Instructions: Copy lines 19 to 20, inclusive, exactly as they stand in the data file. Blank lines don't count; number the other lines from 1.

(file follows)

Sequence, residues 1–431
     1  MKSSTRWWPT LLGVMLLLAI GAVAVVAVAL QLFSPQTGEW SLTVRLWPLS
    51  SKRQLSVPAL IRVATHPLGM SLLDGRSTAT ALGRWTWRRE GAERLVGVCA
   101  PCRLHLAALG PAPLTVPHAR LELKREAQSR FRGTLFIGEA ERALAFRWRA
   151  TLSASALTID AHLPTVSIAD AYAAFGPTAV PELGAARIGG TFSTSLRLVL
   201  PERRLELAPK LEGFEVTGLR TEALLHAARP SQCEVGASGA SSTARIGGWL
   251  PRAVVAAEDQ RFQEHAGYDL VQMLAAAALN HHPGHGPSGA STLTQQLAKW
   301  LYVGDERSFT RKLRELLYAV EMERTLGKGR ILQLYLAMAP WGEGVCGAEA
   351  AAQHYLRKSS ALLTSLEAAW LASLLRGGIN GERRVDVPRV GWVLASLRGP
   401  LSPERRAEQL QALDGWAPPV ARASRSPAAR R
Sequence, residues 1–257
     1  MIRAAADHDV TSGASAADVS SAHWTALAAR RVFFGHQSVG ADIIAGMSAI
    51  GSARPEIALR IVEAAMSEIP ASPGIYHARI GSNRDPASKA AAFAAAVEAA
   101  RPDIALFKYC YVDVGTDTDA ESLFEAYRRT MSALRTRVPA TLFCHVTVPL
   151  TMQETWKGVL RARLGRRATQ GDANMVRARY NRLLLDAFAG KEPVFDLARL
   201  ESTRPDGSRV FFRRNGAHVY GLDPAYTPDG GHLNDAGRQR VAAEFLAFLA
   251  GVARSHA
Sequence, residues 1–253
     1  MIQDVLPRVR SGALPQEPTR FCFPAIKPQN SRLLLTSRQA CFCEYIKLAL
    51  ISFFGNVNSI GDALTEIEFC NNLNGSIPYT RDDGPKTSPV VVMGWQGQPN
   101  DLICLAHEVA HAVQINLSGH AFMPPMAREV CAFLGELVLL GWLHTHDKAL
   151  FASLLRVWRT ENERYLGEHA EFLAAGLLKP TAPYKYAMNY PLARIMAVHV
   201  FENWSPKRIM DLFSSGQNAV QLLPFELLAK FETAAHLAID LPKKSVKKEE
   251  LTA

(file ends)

     1  MIQDVLPRVR SGALPQEPTR FCFPAIKPQN SRLLLTSRQA CFCEYIKLAL
    51  ISFFGNVNSI GDALTEIEFC NNLNGSIPYT RDDGPKTSPV VVMGWQGQPN